By Christopher Famous
As promised, here is part two of a look at an interview
that former Bermuda premier Craig Cannonier had with Global Insurance Intelligence (GR) in London. A stark contrast emerged between the false global image of the One Bermuda Alliance (OBA) and our local reality.
Christopher Famous is a Caribbean real estate developer and business owner. Raised in various Caribbean islands such as; Bermuda, Jamaica, St Eustatius and St Kitts and Tortola. He has a weekly social and political column in The Bermuda Sun. Feedback to: email@example.com
Cannonier: “There is a ratio that has been in place for some time now. For every expat that comes to the country, at least two Bermudians are attached to that, in that industry.”
MP Bob Richards: “…. opportunities to Bermudians will increase the more expats - particularly senior expats - we have in Bermuda. That is the relationship, that is hard sometimes even for Bermudians to understand.”
Reality: This delicate balance was the direct result of legislation and polices that were previously put in place by the PLP and included such things as term limits, the Job Makers Incentive Act and funding for further education.
With term limits abolished, Job Makers Incentive Act amended nearly unrecognizable by recent amendments and scholarship funding slashed, does the OBA truly believe that this ratio will remain intact?
If the focus it to “attract senior expats”, why do we have such a disproportionate number of non-Bermudians holding jobs in non-senior posts? OBA needs to protect all other jobs for Bermudians.
Cannonier: “Although we’ve been talking about diversifying, we certainly do not want to do away with what we know to be a secure business and something in the future that will continue to grow so we’re not looking to move away from that sector at all; we will always look out for the reinsurance industry.”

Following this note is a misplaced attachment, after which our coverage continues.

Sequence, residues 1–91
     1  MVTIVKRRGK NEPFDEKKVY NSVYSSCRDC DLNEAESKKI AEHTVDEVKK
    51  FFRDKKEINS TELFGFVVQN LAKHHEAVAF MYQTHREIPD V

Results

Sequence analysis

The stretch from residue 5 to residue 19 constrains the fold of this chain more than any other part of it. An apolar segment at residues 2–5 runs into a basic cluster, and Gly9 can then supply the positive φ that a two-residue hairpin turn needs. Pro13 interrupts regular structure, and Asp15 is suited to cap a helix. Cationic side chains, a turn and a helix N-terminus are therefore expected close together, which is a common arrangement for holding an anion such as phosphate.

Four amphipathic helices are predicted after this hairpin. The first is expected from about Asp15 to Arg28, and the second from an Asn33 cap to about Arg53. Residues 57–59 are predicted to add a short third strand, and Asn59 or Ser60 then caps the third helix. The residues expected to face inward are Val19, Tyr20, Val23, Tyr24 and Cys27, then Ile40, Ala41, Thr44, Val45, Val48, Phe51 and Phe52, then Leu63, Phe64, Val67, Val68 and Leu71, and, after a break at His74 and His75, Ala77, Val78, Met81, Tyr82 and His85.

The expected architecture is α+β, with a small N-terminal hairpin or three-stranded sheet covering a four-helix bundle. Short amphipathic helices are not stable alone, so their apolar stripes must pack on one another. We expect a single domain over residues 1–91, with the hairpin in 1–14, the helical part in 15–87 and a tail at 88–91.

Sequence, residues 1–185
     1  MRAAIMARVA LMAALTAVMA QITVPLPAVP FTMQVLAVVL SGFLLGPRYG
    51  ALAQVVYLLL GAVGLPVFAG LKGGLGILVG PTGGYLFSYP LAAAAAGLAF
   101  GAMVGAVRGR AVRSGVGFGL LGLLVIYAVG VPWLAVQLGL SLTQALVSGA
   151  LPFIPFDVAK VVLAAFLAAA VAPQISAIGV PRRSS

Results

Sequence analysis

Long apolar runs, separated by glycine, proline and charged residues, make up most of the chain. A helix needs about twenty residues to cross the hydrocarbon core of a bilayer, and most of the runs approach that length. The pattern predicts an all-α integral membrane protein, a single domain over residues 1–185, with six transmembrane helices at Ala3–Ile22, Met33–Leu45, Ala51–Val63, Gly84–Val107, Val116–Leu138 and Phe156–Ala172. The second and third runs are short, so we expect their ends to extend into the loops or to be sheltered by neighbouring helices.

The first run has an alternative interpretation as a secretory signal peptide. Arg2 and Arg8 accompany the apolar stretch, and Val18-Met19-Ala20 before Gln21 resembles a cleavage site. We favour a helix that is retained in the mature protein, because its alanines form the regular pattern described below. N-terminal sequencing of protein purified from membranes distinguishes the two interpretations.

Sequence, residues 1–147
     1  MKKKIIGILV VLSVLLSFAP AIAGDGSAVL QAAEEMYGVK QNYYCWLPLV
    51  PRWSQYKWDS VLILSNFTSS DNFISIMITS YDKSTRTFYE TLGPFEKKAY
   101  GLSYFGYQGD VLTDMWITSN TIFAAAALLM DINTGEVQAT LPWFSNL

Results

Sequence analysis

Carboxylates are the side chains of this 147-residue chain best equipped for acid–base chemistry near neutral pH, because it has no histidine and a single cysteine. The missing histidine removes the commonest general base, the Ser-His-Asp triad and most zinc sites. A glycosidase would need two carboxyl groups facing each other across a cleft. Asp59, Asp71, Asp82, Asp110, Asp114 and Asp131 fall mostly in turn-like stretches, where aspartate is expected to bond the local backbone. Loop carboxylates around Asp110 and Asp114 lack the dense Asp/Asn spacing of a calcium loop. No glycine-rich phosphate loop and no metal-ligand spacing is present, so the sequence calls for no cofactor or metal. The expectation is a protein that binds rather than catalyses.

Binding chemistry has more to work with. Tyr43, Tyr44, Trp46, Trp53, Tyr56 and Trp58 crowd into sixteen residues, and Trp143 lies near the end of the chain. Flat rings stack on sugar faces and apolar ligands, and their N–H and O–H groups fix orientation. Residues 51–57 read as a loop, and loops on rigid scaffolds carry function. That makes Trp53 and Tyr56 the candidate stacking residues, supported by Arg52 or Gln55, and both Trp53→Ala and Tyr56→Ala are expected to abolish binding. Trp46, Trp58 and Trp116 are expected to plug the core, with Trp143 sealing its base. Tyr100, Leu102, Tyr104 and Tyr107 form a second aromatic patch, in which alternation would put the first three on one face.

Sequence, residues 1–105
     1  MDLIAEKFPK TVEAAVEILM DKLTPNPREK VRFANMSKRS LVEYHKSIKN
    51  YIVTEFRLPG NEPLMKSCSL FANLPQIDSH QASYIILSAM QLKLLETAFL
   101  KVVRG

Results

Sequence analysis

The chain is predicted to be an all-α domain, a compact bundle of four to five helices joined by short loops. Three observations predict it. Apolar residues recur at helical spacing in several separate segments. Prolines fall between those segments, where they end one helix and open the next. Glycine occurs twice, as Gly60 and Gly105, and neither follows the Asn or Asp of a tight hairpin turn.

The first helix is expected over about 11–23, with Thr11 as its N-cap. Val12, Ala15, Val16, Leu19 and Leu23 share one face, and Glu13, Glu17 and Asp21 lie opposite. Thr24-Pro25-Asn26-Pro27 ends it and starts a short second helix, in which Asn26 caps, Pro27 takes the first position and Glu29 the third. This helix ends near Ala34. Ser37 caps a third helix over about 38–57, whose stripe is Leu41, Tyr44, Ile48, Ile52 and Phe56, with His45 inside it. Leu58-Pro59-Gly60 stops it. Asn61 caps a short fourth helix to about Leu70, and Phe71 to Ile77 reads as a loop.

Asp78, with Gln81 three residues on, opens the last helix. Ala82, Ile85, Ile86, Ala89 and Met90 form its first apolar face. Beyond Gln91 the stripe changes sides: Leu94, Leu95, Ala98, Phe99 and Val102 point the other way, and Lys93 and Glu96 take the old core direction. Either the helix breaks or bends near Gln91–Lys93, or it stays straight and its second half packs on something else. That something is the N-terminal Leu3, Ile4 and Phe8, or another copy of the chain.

Reality: Wonder what the reaction the Global Reinsurance interviewer would have had to this declaration:
“We have been trying to diversify and spread out the financial services offerings as a way to diversify away from the big dog on the block, which is reinsurance."– Bermuda Sun, MP Bob Richards February 26, 2013
While the rating agencies have all pointed to our lack of a diversified economy as one of their key concerns, OBA has yet to explore a list of opportunities that PLP has highlighted including the fish industry, sea-bed mining, aquaculture and online gaming.
Cannonier: “We had specific policies to combat gang-related crime. I think that is one of the successes of this government. Equipping the police with the best possible technologies, giving them the resources that they need, has gone a long way.”
Reality: On April 2, it was revealed that the Island was without CCTV monitoring due to technical difficulties. The BAS Serco’s $6.2m CCTV contract was supposed to be a smooth transition from the previous contractor ensuring no gaps in coverage.
Then National Security Minister Dunkley failed to explain why OBA opted not to extend the previous contract while BAS Serco addressed their technical issues. This is in contrast to his highly public support when this contract was first announced.
Perhaps the OBA forgets that there is a thing called the internet. They attempt to paint a certain picture to the world, when in fact the realities are completely different.
Perhaps after their retreat this past weekend they will realize that their biggest downfalls have been:
• Lack of accountability to Bermudians
• Deflection of the truth
• Pathetic media communications
How hard is it just to tell the “Full Monty”?